In 2020, the York Art Gallery curated a retrospective of Miller’s artworks that highlighted the importance of his upbringing in Yorkshire in the 1970s and how this formative period was key to his artistic development. The exhibition was called Harland Miller: York, So Good They Named It Once and featured some of his best-known works, such as his Penguin book covers, alongside new paintings that the artist produced especially for the exhibition. It was the largest solo exhibition of the artist to date and included more than thirty works spread over three galleries.
Miller’s artworks are often imbued with sarcasm and satire and the artist is known for having a dark sense of humour. Miller uses sarcasm and satire in his Penguin Prints to offer a light-hearted yet poignant socio-political critique on the current state of society. Miller's work has been described as “wittily deadpan, pinkish and aphoristic.”
While Miller is best known for his Penguin Prints series which is based on the dust jackets of Penguin Classics, the artist also made a series of prints based on Penguin Plays, capturing the artist’s knowledge and love for theatre as well as literature.
In October 2021, Miller’s Murder - We’ve All Done (2011), sold for £325,000 at Christie’s London, this was the highest figure to date achieved by the artist who is now rising to the ranks of his Young British Artist contemporaries, Damien Hirst, and Tracey Emin. Murder - We’ve All Done comes in various iterations and the title has been used multiple times across the artist’s oeuvre. Other notable sales of Miller’s work include Incurable Romantic Seeks Dirty Filthy Whore (2007) which went for £237,500 in 2019 and Too Cool To Die which sold for £277,200 recently at Sotheby’s London in March 2022.
For his prints, Miller uses polymer-gravure, photo-etching, block printing and silkscreen printing. Influenced by the Pop Art movement, these techniques allow the artist to reproduce his paintings in large numbers while also avoiding exact mechanical repetition. Every print produced by Miller is marked by slight variations, meaning each print is unique.
Amid all his macabre and eerie humour, Miller is also not one to resist indulging in hopeful messages, especially in times of hardship. Who Cares Wins is perhaps the best example of this more light-hearted Miller. Working once more with the classic Penguin book covers, the artist declines this work in many different colours. The most notable version of the work is the NHS Blue print, which the artist realised for White Cube throughout the first Covid-19 lockdown. With all the proceeds from the sale being donated to the National Emergencies Trust in the UK, the New York Community Trust and Hands On Hong Kong, this unique work showcases Miller’s philanthropic ethos.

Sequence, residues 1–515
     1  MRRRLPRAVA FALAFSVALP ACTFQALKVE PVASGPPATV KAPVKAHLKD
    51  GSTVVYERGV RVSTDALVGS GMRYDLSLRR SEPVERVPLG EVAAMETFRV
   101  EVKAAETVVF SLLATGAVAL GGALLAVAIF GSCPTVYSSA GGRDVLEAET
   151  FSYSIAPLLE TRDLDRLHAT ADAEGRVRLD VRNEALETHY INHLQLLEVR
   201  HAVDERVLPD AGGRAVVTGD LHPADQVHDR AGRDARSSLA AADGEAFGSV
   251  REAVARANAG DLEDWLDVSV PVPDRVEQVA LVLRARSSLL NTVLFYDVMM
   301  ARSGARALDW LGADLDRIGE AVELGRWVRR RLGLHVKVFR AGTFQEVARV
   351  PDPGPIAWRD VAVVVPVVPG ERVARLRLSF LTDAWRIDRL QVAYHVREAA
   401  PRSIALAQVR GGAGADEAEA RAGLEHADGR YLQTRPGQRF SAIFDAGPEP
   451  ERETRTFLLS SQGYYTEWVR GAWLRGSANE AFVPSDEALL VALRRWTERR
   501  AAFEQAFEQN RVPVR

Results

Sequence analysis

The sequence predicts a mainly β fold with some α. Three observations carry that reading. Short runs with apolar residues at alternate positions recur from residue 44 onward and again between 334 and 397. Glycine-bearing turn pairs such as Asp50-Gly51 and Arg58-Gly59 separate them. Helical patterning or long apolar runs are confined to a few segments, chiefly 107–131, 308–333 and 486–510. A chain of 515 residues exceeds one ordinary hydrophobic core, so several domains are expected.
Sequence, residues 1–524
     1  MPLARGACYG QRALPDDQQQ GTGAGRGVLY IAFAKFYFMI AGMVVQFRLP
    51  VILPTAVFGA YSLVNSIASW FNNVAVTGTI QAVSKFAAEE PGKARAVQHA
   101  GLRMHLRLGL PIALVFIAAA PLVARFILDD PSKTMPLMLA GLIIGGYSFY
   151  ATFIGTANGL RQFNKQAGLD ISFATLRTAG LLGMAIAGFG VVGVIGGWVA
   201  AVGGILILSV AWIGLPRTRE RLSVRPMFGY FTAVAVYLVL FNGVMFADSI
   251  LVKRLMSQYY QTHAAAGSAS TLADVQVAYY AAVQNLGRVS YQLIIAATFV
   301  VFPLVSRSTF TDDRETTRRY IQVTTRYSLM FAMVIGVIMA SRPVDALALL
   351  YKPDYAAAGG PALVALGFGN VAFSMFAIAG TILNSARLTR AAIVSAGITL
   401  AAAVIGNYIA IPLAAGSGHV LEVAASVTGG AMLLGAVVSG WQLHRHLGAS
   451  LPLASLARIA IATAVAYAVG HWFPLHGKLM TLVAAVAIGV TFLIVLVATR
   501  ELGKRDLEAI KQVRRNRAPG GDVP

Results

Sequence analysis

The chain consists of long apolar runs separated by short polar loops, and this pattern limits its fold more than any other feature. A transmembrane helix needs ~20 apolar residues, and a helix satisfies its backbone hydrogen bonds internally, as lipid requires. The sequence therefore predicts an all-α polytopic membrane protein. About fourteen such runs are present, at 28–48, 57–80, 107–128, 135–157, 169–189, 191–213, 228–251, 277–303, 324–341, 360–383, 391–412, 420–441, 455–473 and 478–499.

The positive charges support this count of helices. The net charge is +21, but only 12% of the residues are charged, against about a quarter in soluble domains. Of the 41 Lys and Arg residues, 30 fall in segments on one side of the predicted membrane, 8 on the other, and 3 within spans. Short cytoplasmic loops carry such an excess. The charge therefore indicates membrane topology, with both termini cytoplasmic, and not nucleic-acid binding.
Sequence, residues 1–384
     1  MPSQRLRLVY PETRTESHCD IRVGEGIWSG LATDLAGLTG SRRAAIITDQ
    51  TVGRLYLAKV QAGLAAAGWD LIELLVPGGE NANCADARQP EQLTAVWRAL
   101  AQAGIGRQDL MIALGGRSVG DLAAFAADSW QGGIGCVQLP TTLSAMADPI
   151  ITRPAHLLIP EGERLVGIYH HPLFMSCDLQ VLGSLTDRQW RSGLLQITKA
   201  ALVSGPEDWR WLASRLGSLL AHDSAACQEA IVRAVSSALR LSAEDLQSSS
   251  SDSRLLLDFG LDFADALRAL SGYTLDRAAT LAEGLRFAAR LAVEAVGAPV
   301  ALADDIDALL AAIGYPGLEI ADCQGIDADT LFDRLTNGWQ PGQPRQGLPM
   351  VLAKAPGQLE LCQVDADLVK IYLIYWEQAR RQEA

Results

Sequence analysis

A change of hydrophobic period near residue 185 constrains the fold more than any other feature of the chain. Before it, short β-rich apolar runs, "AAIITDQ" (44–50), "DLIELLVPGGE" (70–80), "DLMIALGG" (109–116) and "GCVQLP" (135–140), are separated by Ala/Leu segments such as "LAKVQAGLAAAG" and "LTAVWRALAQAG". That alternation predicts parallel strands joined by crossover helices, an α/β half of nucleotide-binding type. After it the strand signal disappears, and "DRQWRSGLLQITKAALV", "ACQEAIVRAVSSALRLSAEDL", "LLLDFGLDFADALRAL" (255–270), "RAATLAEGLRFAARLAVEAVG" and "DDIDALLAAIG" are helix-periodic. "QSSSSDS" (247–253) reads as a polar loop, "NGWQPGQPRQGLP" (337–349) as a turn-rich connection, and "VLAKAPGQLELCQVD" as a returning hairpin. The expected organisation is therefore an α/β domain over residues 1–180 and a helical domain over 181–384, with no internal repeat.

Many artworks produced by Miller resonate with Abstract Expressionism which is characterised by the use of gestural brushstrokes, mark-making and an impression of spontaneity. Abstract Expressionism was developed by American painters such as Jackson Pollock, Mark Rothko, and Willem de Kooning in the 1940s and 1950s. While travelling around the US in the 1990s, Miller was exposed to the works of these artists and they left a long-standing impact on the development of his own visual language.
Miller was born on 11 March 1964, in North Yorkshire. The artist’s childhood and youth in Yorkshire played an important role in shaping his artistic output. Inspiration for the Penguin Prints can, in part, be traced back to Miller’s father who collected second-hand books. Miller’s father collected Penguin Classics and would bring them home to excite his family after work. Miller’s artworks are often imbued with nostalgia and hark back to the artist’s childhood in Yorkshire.
Full of zeal, Miller continues making artworks today and never stops exciting art dealers and collectors with his humorous prints. The artist’s personality shines through in his artworks which are marked by his wit and dark humour, as well as a sensitivity to the current socio-political climate.